I'm a strong believer of not complicating things if they don't have to be. But I do realize that you absolutely have to have some semblance of structure and preparedness in place if you're going to respond appropriately rather than react inappropriately. So, start by prioritizing your critical systems, documenting specifically what needs to be done, and then test your procedures to validate the process. And be sure to take all of these steps in your data backup plan before you actually need them, otherwise you might run into some trouble.
For more on data recovery, disaster recovery and data restoration:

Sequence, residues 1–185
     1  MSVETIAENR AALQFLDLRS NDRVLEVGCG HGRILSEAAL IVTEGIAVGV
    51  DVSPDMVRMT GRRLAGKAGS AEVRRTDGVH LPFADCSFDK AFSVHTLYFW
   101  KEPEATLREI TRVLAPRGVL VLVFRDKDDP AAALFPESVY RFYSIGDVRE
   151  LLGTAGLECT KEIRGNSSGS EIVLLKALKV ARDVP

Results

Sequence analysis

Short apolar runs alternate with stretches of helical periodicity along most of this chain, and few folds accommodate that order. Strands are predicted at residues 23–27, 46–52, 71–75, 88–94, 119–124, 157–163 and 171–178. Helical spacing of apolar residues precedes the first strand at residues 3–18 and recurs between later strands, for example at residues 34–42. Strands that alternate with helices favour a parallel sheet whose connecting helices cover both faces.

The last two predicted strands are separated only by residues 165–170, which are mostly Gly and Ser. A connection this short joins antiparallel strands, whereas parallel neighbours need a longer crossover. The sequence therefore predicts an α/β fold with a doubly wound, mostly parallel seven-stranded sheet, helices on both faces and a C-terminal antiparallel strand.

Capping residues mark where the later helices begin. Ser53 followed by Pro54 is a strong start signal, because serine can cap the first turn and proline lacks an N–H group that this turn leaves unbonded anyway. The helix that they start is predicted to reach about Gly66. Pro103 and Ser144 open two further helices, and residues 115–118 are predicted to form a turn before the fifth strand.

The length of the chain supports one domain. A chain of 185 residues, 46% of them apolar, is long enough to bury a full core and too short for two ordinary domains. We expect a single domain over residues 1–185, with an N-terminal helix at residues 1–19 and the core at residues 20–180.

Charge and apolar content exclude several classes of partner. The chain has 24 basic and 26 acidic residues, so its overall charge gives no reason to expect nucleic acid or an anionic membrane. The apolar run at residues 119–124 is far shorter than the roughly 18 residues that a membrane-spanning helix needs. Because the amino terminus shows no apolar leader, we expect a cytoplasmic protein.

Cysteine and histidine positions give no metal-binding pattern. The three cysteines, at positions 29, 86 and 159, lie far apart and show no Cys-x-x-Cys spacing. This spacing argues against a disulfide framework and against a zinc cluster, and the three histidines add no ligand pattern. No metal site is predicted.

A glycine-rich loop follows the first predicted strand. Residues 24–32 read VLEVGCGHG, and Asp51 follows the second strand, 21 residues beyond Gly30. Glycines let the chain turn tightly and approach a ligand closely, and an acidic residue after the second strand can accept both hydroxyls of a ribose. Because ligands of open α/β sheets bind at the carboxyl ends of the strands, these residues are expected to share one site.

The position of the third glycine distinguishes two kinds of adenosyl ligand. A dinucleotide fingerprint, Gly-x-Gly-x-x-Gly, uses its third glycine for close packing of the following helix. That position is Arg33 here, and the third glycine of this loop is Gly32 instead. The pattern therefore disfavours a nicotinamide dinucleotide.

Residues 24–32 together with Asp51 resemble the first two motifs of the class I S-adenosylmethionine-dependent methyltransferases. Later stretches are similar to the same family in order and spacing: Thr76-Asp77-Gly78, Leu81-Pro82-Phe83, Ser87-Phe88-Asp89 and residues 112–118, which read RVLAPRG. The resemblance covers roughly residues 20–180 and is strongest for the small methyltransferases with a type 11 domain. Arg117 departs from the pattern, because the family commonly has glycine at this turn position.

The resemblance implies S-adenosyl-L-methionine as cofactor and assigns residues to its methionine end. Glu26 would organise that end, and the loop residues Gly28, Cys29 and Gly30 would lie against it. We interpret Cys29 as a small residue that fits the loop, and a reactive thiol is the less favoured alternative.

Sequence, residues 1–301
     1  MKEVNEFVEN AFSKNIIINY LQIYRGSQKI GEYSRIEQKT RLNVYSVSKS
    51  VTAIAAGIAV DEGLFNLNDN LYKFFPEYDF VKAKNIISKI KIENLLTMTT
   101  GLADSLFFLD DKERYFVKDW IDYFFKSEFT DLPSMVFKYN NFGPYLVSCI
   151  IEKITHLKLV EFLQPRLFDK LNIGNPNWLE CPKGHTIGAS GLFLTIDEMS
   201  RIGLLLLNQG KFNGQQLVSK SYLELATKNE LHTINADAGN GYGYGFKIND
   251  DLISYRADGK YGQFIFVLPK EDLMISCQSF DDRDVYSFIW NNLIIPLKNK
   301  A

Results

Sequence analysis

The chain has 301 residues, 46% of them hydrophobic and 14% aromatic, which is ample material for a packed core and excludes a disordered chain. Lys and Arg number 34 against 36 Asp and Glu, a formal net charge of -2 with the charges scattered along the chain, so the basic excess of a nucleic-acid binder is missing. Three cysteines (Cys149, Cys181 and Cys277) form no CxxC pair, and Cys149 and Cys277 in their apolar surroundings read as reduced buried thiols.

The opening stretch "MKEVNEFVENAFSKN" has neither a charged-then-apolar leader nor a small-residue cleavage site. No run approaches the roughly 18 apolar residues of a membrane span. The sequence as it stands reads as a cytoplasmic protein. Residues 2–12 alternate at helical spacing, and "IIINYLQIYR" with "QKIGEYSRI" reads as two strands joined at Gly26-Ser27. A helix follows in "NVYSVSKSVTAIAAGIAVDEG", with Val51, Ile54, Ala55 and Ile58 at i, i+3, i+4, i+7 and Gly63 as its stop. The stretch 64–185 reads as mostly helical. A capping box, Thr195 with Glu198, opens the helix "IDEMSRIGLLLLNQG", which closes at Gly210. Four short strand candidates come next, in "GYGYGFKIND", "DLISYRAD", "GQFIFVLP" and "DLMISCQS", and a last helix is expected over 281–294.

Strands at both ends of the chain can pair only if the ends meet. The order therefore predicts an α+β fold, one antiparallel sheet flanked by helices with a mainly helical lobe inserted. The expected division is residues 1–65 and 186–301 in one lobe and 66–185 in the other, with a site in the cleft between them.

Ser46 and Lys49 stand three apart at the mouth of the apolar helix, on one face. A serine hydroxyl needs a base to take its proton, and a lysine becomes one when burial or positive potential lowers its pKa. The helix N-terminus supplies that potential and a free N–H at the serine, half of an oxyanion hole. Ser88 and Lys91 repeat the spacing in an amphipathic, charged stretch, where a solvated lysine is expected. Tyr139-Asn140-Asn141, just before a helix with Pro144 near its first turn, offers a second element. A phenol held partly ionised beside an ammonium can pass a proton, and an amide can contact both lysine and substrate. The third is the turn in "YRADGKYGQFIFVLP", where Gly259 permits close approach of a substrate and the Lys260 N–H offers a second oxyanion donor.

- Read about the top ten reasons disaster recovery plans fail in this tip.
- Read about the top five data backup and recovery tips from 2009.
- And learn how to evaluate your disaster recovery plan's maturity level in this tip.
Dig Deeper on Disaster recovery planning - management
Related Q&A from Kevin Beaver
Different tools protect different assets at the network and application layers. But both network and application security need to support the larger ... Continue Reading
The WannaCry TCP port 445 exploit returned the spotlight to Microsoft's long-abused networking port. Network security expert Kevin Beaver explains ... Continue Reading
While most mobile platforms provide levels of security from mobile cryptojacking, IT must still be aware of the risks and procedures to address an ... Continue Reading
Have a question for an expert?
Please add a title for your question
Get answers from a TechTarget expert on whatever's puzzling you.